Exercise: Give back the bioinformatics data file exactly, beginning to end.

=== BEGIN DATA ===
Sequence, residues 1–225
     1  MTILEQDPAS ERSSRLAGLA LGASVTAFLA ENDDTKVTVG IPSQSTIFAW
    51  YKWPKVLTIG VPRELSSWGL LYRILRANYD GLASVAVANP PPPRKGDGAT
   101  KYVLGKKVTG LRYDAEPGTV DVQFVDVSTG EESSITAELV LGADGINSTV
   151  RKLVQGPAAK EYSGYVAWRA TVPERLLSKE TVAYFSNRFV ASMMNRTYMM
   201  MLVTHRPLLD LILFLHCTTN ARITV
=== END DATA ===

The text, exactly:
Sequence, residues 1–225
     1  MTILEQDPAS ERSSRLAGLA LGASVTAFLA ENDDTKVTVG IPSQSTIFAW
    51  YKWPKVLTIG VPRELSSWGL LYRILRANYD GLASVAVANP PPPRKGDGAT
   101  KYVLGKKVTG LRYDAEPGTV DVQFVDVSTG EESSITAELV LGADGINSTV
   151  RKLVQGPAAK EYSGYVAWRA TVPERLLSKE TVAYFSNRFV ASMMNRTYMM
   201  MLVTHRPLLD LILFLHCTTN ARITV